Moneylenders And Merchants

A large wall of cloth screens enclosed the royal camp, fanning an east-west oriented rectangle nearly 1,400 meters long. The emperor’s tent and royal reception areas were consistently placed in the center of the eastern end of the royal enclosure. His was the only two-storied tent in the imperial camp, enclosed within walls of distinctive scarlet cloth. Next to the emperor was a screened area containing the tents of the royal harem and beyond this were enormous awnings for public and private royal audiences.

Tents for nobles were aligned in carefully specified locations that spatially expressed their relations with the ruler. Beyond the royal enclosure were the tents of lesser nobles and the military, as well as administrative facilities, stables, arsenals, workshops of attached specialists, and kitchens. Merchants and moneylenders fanned neat bazaar areas along the streets of the massive tent city.

Imperial coinage was issued from the camp mint. During Akbar’s reign, low-value copper coins recorded the name of the town nearest the imperial camp. Inscriptions on gold and silver coins were explicitly linked with the camp itself attesting to the royal acknowledgment of the centrality of the imperial camp. This tradition was kept alive by most emperors and these commemorative coins became part of the imperial coinage.

The logistical challenges of moving and provisioning hundreds of thousands of people and the 50,000 horses and oxen required to transport tents, baggage, and equipment were considerable. Far from a rapid military strike force, the camp seldom traveled more than 16 km per day and was preceded by royal agents, scouts, and laborers, who prepared roads and bridges, selected campsites, arranged the purchase of foodstuffs and fuel, and assured the cooperation of local rulers.

Imperial Mughal Travel  & Local Merchants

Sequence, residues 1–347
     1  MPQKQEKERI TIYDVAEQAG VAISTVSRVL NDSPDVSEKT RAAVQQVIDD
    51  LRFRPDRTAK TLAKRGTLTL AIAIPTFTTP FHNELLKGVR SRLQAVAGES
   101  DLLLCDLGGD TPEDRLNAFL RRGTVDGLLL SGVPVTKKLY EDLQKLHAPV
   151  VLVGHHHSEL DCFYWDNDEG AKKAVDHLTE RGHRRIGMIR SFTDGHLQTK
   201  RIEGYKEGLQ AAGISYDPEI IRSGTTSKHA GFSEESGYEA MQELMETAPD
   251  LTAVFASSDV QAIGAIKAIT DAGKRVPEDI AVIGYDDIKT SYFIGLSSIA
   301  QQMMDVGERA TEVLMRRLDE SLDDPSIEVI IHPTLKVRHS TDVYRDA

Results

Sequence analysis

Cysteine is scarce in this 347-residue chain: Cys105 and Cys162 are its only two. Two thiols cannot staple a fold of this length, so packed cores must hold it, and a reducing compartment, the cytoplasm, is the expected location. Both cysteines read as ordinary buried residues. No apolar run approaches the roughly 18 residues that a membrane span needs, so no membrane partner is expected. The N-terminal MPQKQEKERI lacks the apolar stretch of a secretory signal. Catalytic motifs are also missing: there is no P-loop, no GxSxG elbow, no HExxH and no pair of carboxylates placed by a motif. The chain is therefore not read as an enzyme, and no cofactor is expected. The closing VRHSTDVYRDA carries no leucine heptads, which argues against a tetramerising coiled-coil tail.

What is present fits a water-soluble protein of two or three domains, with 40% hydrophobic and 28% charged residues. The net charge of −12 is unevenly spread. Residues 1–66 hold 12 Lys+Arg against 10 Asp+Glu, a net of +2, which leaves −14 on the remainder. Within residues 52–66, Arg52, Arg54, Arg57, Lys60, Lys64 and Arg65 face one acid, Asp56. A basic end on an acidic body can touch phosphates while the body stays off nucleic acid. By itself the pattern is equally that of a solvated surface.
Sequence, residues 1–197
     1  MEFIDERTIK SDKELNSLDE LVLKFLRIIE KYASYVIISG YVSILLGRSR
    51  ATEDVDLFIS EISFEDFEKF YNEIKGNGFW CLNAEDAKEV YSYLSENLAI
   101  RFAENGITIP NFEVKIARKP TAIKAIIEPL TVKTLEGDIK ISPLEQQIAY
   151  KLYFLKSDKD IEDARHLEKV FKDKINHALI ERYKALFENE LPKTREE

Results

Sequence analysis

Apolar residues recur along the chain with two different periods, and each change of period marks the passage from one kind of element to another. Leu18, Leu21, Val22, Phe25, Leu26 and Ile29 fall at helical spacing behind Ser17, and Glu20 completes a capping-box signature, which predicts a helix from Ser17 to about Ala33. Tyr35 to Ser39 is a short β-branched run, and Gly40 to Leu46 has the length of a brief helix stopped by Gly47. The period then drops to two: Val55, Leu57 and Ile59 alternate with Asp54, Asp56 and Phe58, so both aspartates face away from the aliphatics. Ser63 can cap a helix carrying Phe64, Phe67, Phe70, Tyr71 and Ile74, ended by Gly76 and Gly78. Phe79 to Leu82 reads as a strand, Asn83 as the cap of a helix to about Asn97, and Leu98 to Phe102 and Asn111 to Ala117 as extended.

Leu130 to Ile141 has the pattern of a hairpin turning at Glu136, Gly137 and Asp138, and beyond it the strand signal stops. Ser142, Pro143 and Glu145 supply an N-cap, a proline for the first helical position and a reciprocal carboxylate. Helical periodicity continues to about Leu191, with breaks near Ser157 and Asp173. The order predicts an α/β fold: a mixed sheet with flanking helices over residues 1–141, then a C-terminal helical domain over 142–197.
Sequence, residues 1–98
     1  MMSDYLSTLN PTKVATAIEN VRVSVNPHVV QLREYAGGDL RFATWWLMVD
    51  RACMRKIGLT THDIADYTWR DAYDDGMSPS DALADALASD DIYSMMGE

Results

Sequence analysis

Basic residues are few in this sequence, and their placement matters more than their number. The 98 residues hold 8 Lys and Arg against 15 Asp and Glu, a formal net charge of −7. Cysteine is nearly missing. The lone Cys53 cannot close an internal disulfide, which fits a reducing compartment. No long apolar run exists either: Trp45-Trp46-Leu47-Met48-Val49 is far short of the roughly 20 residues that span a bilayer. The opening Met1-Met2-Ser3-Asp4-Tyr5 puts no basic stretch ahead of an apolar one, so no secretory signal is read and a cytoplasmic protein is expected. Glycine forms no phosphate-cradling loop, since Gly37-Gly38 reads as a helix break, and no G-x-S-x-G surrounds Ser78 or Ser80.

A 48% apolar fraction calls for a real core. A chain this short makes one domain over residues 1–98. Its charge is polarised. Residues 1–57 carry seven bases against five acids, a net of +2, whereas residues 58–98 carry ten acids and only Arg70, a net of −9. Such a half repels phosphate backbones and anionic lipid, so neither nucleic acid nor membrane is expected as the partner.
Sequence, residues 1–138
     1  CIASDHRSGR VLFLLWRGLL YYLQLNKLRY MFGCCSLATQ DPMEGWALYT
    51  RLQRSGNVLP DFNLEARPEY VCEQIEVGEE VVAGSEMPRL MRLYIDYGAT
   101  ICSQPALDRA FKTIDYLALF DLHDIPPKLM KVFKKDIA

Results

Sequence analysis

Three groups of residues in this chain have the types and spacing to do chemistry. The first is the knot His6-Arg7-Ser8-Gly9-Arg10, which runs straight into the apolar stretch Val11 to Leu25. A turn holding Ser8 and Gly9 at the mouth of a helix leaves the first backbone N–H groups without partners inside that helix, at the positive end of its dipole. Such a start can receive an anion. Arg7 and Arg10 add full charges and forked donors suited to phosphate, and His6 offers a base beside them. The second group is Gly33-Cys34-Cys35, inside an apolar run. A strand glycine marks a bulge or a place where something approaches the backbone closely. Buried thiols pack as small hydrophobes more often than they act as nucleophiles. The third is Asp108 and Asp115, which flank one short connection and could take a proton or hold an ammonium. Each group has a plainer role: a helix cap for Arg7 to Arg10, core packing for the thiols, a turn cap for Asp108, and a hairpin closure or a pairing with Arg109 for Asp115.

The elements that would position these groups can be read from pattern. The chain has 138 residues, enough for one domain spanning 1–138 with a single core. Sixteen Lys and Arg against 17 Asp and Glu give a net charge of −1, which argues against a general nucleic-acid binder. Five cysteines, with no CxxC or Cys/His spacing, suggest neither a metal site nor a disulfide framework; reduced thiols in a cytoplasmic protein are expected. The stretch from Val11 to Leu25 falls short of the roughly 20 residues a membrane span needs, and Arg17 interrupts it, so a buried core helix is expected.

Local merchants and farmers were encouraged to bring their produce to the markets at the camps; foodstuffs may also have been obtained from imperial or civic stores in towns near the campsites. When the emperor was resident in his camp, it was there that the bulk of imperial administrative activities occurred and important decisions were made.

The Imperial Mughal travel camp was the de facto capital, and a significant portion of the resident population of the constructed capital cities appears to have accompanied the emperor in his travels. Foreign visitors to the Mughal Empire mentioned that the entire population of Delhi resided in the camp during its deployment because all derived their employment and maintenance from the court and army.

Although this is an over-exaggeration, it does confirm the status of these camps as political capitals and short-term demographic centers. The mobile imperial camp no doubt played many roles in Mughal political and economic life. It made possible the movement of enormous military forces throughout the empire and to strategic areas where imperial control was weak or threatened, while simultaneously providing facilities and personnel for essential administrative activities.

Rather than a distant or seldom-seen figure ensconced in a protected capital, the Mughal emperor and his royal household could be seen and venerated by large segments of the population as his camp traveled through imperial territories. Although the pattern of movement appears to have been largely determined by political and military concerns.

A further consequence of the imperial camp was to bring large numbers of people and animals to available resources, thus decreasing the costs of transporting foodstuffs and fuel to the cities. Imperial camps usually left a lasting impression on the sites they were held and their inhabitants entertained their cherished memories for a long time. The Weekender